How do I know what to cut and what to keep from my dissertation?

What to Cut and What to Keep Book Chapters

It all starts with your Book Questions and Chapter Answers.

Book Questions and Chapter Answers are powerful tools for transforming your dissertation into a compelling scholarly book. They help you identify and articulate your book’s core argument, ensure each chapter is focused and purposeful, and plan your revision process.

Here’s how it works: Your Book Questions identify the key priorities and argumentative strands that run through your entire book. They’re the big, overarching questions that your book asks about the evidence you study and that each chapter answers directly. Your Chapter Answers, then, show how each individual chapter tangibly advances those priorities in specific ways to support your overall book argument. They’re like mini-arguments for each chapter that, together, build toward your book’s main claims.

Want more in-depth support in developing your Book Questions and Chapter Answers? Check out The Dissertation-to-Book Workbook (use code UCPNEW to get 30% off!), which devotes five full chapters to exercises to produce and revise them!

Dissertation-to-book Workbook

Once you have your Book Questions and Chapter Answers, you can use them to evaluate your existing dissertation material and guide your revision process. Here’s how.

We Recommend You Build Up from Existing Prose

At this stage, we highly recommend working in a new, blank document. Build up your chapter by porting over existing writing that fits the purpose of your new argument-driven chapter.

Working this way ensures a few things:

  1. You’ll focus your chapter on making a clear argument in service of the book.
  2. You won’t get bogged down trying to revise extraneous material.
  3. You can evaluate each piece you bring in and either adapt it to fit your chapter argument or cut it.

Evaluate Your Chapter’s Sections

As you bring sections into your new chapter document, ask yourself:

  • Does this section directly support my Chapter Answers?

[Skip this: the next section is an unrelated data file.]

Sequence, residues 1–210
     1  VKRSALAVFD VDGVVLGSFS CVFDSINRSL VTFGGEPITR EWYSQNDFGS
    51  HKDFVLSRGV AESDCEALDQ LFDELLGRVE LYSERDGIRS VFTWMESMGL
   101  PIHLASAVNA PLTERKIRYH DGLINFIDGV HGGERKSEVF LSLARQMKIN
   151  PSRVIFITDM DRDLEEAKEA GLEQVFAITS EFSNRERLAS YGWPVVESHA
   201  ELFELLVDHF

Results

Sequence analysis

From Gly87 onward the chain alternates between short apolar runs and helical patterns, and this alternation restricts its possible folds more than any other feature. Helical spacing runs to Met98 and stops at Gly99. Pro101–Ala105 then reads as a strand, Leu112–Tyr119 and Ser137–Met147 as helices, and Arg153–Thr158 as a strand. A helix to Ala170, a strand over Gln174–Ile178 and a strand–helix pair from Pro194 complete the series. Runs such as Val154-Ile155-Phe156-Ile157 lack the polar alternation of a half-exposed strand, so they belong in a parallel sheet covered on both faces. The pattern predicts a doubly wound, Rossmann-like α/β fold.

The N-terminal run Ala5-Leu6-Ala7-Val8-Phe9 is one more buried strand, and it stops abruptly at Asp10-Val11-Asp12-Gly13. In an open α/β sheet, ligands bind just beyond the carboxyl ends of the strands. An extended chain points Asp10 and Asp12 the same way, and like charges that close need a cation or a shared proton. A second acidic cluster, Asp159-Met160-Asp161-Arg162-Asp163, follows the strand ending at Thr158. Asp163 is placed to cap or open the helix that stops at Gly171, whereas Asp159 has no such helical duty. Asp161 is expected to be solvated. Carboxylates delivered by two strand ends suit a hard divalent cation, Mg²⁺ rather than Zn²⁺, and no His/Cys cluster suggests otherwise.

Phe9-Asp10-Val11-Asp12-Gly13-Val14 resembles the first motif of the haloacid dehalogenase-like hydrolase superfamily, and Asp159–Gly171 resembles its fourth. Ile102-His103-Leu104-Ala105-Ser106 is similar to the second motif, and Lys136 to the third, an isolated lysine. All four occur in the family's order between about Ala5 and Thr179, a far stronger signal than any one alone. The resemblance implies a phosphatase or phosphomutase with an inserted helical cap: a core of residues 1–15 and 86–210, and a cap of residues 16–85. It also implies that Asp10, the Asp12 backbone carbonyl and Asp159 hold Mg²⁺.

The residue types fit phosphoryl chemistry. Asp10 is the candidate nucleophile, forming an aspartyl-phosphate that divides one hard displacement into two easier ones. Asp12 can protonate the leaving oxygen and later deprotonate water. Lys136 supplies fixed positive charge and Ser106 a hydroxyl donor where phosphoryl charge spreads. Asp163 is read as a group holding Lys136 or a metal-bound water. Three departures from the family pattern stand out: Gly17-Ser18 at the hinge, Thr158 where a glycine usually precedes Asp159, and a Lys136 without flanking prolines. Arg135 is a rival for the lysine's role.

• What role does it play in advancing my chapter argument?
  • Is the section’s purpose clear? Cut any sections that aren’t pulling their weight. Then revise the keepers to clarify how they serve your argument.

It sounds simple, but authors sometimes get hung up. For exactly what to do (and what not to do), see The Dissertation-to-Book Workbook, Chapter 14. Or, for a guided workshop format, enroll in our Book Chapter Shortcut facilitated cohort.

Evaluate Your Sections’ Paragraphs

Next, look at the paragraphs within each section. For each one, ask:

  • Does this paragraph support the section’s purpose?
  • Does it clearly connect to my Chapter Answers?
  • Is it as concise as possible? Cut ruthlessly and revise carefully to hone each paragraph.

Again, this work sounds simple, but can be tricky. We highly recommend you use a tool called “reverse outlining” for this task. To see exactly how to do this, check out Chapter 15 of The Dissertation-to-Book Workbook or enroll in our Book Chapter Shortcut facilitated cohort.

What will change a lot and what might not change that much?

As you revise your dissertation chapters into book chapters, you’ll likely find that much of your work involves:

  1. Reframing your chapter arguments to align with your Book Questions and Chapter Answers
  2. Refocusing your analyses to support your new chapter arguments
  3. Redistributing background material and scholarship to serve your chapter’s specific purposes

However, one piece that might not change as much is your analysis of primary sources. The core of your close readings and interpretations may remain largely the same, even as you reframe the ends to which you put them.

So, as you revise, carefully evaluate:

  1. The amount and type of background material you include. Cut anything extraneous and make sure what remains directly supports your chapter argument.
  2. How you’re using your analyses. Ensure your interpretations are clearly mobilized in service of your Chapter Answers and overall book claims.

By focusing your revisions in these key areas, you can transform your dissertation chapters into tight, compelling book chapters that work together to advance your book’s central arguments.

Go Further with The Dissertation-to-Book Workshop and The Book Chapter Shortcut

Want to dive deeper into transforming your dissertation into a book? Check out our Book Chapter Shortcut course and sign up for The Dissertation-to-Book Workshop.

You’ll get hands-on guidance to identify your book’s core argument, craft compelling Chapter Answers, and build focused, persuasive chapters. We’ll help you cut the excess, keep the essential, and produce a scholarly book that really shines.

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